Chatting with our portfolio companies, Naga discussed many aspects why the social impact model should succeed in both achieving impact at scale and financial success, and what the entrepreneurs can do to make that possible.
Murali Srinivas, who also is an external member on the Investment Committee, started five businesses, out of which 2 failed. He spoke about what could go wrong while growing a business. In this interactive session, Murali spoke about forecasting illusions, flaws in our own expectations, confirmation bias, the winner’s curse, the sunk cost fallacy, and other interesting theories to help founders understand how to manage changes in strategy and expectations of failure.
Labournet is one of the oldest and most successful skilling companies in India. Gayathri spoke about how to manage stakeholder expectations – from government ministries to equity investors, customers, and team members. She gave a huge amount of insight into the ways in which even more mature social businesses are subject to re-invention and evolution throughout their journey.
It proved to be capacity-building opportunity for our CEOs to interact with other investors – form new connections or revive old ones. Suresh (Co-Founder of the Bangalore Fund) gave the keynote address to the audience describing his and Vinatha’s 20+ year journey with Prof. Yunus culminating in YSB Fund Bengaluru. We then provided a brief snapshot of the geographic reach and social impact that our companies have created and ended with the optimistic note of making impact investing even more impactful. Vinatha and Lamiya followed with quick addresses to the crowd before inviting the IC and YSB leadership on stage to release the first-ever YSBFB Impact Report.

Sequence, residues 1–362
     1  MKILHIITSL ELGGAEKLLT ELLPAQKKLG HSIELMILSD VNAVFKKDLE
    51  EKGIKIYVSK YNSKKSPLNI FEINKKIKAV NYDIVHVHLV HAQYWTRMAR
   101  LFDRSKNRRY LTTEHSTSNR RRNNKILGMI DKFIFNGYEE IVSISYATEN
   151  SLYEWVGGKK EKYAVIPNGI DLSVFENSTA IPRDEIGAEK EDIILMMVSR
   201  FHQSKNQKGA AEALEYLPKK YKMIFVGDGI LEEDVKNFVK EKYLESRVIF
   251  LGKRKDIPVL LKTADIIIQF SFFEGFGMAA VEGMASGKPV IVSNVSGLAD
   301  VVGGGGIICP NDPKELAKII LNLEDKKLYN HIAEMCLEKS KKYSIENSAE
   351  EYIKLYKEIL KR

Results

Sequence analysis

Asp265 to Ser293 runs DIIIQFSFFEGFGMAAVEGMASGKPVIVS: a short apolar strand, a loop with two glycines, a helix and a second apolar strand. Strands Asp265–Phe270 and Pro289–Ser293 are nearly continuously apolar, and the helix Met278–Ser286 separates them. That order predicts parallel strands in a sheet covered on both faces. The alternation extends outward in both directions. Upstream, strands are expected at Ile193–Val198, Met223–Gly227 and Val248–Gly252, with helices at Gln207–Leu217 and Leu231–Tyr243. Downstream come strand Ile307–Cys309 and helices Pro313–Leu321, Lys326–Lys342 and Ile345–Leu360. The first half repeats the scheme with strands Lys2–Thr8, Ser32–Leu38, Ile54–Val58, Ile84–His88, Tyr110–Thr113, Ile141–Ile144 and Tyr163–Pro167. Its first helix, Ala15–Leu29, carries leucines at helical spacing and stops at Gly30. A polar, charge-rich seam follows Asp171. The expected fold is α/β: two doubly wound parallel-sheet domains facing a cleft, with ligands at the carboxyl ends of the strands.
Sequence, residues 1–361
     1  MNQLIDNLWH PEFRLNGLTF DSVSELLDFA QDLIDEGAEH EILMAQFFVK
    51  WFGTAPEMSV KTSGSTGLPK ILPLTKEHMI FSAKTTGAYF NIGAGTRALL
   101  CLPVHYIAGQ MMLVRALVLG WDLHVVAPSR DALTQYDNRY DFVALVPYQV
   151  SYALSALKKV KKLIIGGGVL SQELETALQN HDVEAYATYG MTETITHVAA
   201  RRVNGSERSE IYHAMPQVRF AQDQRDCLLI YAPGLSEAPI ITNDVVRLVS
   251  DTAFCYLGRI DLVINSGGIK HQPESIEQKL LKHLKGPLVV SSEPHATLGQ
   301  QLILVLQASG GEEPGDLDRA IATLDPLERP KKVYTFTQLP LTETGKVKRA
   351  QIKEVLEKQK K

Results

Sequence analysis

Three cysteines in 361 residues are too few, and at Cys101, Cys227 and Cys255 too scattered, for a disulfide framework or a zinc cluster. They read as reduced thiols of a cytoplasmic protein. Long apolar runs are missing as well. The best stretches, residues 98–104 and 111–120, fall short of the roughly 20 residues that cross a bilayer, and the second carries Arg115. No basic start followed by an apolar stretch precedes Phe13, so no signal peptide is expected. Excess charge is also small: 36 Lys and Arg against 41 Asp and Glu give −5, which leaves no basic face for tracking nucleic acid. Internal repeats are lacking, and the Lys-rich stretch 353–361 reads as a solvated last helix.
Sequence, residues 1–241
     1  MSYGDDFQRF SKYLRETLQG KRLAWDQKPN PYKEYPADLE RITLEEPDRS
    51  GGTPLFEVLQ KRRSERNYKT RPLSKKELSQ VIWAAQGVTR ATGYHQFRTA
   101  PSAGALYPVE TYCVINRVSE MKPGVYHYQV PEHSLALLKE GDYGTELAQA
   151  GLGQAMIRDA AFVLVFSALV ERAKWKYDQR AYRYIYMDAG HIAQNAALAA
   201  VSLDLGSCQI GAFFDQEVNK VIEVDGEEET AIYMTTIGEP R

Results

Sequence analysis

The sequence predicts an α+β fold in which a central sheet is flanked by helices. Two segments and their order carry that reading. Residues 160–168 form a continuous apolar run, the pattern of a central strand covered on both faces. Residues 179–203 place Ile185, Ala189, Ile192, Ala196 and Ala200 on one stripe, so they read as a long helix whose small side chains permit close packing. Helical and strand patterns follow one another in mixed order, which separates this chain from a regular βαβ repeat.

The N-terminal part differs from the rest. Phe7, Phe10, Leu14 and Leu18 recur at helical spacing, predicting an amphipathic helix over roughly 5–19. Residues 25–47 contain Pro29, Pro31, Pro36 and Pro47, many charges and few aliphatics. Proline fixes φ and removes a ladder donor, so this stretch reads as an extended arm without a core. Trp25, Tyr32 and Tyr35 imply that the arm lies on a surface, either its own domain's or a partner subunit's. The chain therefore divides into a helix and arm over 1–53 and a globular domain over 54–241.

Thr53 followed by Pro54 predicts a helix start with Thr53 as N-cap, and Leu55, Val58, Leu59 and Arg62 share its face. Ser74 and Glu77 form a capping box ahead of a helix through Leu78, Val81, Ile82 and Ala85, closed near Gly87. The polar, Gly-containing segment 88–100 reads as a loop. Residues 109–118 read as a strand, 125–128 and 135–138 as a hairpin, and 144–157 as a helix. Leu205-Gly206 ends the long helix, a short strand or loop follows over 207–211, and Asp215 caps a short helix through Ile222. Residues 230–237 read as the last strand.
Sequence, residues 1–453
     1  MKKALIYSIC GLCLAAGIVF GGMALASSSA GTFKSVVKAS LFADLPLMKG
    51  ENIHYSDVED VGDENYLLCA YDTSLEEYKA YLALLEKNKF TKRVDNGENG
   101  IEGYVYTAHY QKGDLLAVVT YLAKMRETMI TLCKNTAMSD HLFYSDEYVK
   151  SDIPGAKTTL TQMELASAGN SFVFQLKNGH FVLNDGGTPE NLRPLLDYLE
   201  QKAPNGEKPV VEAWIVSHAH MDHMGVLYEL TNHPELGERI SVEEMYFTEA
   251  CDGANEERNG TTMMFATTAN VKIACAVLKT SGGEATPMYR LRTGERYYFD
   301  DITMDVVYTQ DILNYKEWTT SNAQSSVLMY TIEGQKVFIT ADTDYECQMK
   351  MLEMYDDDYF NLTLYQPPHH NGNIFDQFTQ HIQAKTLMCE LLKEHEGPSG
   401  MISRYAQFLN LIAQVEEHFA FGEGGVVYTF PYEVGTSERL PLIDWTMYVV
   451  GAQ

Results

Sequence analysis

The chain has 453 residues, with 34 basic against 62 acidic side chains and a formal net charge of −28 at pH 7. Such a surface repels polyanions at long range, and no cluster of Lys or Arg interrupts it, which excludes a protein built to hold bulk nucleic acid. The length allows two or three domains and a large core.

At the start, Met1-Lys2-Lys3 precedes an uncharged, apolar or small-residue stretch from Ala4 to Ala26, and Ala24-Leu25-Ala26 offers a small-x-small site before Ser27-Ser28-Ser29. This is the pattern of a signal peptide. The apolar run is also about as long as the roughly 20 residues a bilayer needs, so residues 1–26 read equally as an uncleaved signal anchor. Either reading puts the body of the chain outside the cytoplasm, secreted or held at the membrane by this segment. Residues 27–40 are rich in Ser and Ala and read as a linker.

Through a series of breakout sessions, the portfolio companies discussed and analysed their successes and areas for improvement in talent, fundraising and marketing & visibility. As we are an investor that aims to support our social businesses to achieve, these sessions help us to identify where they needed more capacity-building assistance. We also wanted there to be tangible outcomes coming from the forum. Each founding team was asked to share which two focus areas they would immediately go back and change in their companies – as ‘tangible outcomes’ from the workshop sessions
The forum was a great opportunity for companies to interact with each other in an unstructured format, share learnings and be part of an enriching two days with YSB. We look forward to planning a similar event next year!
Naveen was born and raised in a small village outside Varanasi in Northern India. All his life, he grew up around manual rickshaw drivers carrying people to and from the city, it’s backbreaking work for very little pay. He saw that very often the rickshaw cyclists came from some of the most vulnerable communities, frequently associated with drug and alcohol abuse.
People in rural and peri-urban Kenya are lacking access to high-quality healthcare and medication. Less than 5% of Kenya’s GDP is spent on healthcare and only 17% of Kenyans have health insurance coverage. With 46% of the country’s population living below the poverty line, Kenyans are particularly vulnerable to financial catastrophe when facing health issues.
With the recent accessibility of 360 cameras, many businesses and nonprofits are exploring the possibilities of virtual reality to communicate their message and we wanted to give it a go for ourselves!